Mylan Pharmaceuticals––currently the target of public and congressional ire over its hefty price increases for the EpiPen––had the second-highest executive compensation among all U.S. drug and biotech firms during the past five years, according to a Wall Street Journal analysis. The big paydays are unusual in view of the company’s small size in the U.S. drug industry, where it is No. 11 by revenue, the article notes.
Mylan’s combined total of $292.1 million in pay for its top five executives over the five years ended last December outpaced that of industry rivals several times its size, including Johnson & Johnson, Pfizer, Bristol-Myers Squibb, and Eli Lilly, according to the analysis.
Mylan defended its pay practices, saying in a statement that its business is complex and highly competitive, and that “our effective management across our regions and portfolio has allowed us to consistently deliver strong performance for shareholders, year after year.”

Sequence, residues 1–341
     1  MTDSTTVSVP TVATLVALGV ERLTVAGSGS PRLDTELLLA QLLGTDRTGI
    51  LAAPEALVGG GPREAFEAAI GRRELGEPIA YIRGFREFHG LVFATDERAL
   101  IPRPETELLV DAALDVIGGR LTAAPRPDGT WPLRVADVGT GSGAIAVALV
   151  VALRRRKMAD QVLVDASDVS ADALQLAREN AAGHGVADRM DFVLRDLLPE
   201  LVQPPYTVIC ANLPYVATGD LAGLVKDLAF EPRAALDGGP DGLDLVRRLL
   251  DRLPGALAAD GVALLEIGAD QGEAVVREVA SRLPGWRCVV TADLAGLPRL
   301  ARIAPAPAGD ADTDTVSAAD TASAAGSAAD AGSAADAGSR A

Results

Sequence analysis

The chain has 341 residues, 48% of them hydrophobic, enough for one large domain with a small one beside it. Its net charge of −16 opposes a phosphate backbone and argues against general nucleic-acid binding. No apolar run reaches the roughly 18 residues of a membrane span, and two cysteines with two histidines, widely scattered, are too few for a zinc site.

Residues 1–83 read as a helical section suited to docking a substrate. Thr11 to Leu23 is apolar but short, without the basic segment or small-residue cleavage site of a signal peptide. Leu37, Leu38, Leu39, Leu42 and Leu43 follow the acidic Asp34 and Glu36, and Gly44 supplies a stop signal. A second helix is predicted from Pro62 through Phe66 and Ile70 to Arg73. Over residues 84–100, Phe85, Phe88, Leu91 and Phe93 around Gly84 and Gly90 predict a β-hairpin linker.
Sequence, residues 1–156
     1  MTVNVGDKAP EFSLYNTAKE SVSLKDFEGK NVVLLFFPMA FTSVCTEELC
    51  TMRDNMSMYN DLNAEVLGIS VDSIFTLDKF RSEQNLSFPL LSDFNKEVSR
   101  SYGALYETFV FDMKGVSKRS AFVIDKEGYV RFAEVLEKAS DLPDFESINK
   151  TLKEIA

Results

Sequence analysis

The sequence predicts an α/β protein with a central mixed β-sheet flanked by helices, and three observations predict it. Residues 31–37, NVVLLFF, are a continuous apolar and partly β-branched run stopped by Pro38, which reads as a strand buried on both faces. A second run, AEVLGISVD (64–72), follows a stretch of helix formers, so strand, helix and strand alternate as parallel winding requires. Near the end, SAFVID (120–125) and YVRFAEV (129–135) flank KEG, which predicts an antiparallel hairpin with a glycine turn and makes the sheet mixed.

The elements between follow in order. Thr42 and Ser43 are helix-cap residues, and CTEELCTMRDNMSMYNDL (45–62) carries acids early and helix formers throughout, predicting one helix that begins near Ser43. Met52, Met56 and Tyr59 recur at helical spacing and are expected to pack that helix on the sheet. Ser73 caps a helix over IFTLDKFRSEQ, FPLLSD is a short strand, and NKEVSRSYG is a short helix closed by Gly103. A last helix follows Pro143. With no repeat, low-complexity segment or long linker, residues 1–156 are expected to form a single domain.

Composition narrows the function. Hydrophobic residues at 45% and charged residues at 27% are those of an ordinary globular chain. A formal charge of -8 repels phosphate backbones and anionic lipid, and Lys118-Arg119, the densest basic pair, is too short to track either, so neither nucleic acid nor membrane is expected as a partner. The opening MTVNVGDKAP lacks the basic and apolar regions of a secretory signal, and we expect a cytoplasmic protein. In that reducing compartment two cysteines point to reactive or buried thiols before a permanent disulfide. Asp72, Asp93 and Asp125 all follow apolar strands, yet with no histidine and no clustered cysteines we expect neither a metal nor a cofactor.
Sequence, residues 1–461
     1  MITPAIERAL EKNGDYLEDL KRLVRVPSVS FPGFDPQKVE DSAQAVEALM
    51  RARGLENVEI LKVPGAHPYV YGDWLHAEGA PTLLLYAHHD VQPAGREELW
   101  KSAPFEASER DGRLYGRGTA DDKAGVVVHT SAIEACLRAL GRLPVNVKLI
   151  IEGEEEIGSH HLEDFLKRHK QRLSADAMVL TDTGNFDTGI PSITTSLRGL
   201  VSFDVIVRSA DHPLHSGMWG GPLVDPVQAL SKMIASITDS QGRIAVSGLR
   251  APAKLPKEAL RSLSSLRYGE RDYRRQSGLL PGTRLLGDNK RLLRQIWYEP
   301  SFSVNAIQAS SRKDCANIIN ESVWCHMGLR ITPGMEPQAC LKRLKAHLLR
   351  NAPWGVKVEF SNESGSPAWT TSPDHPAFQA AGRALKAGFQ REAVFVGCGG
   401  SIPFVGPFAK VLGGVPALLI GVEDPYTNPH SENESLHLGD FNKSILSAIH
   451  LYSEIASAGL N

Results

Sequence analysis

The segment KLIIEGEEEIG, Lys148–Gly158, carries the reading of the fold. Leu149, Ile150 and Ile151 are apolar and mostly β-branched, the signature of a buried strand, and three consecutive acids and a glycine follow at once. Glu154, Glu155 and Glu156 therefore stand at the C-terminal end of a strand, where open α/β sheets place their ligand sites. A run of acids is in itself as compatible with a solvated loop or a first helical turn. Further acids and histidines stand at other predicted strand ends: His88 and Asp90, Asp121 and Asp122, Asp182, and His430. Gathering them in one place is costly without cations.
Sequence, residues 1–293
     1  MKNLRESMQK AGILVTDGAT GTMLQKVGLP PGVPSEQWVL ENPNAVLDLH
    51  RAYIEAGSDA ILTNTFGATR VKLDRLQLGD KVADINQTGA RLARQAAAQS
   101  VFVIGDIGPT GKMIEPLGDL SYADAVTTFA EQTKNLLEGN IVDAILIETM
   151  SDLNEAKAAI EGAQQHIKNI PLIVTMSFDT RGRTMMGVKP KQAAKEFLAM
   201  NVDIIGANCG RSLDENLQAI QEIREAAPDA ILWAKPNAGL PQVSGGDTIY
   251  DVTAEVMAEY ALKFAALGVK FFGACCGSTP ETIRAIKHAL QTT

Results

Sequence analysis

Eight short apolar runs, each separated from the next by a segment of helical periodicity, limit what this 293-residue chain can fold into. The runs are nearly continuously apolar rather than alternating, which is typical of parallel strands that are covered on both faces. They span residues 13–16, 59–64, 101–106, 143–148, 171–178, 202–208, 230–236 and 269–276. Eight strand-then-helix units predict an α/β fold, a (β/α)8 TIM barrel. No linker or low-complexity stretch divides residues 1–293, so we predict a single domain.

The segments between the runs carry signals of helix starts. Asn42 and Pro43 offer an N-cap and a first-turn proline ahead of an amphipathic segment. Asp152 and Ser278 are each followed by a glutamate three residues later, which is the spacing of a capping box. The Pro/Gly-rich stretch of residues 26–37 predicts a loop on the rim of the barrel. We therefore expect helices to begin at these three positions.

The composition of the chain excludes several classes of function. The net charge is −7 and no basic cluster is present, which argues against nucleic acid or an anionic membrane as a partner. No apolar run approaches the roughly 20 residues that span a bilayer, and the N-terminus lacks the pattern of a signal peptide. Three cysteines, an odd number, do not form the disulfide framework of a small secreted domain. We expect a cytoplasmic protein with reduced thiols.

The EpiPen––an epinephrine autoinjector––has a list price of $608 for a two-pen pack, double its price in early 2014 and up nearly 550% since 2007.
Some analysts have suggested that Mylan raised prices on the product partly because of incentives approved by the company’s board, including a 2014 long-term incentive plan that rewards executives if they meet ambitious growth targets averaging 16% annually, according to the Journal.
Heather Bresch, Mylan’s CEO, has defended the price increases, saying the company is a for-profit enterprise, and blaming high patient costs in part on insurers and drug-benefit managers.
Mylan has tried to defuse the controversy by increasing copay assistance for some consumers and by introducing an identical generic form of the EpiPen priced at approximately $300 for a two-pen pack, the Journal notes.
Source: Wall Street Journal; September 13, 2016.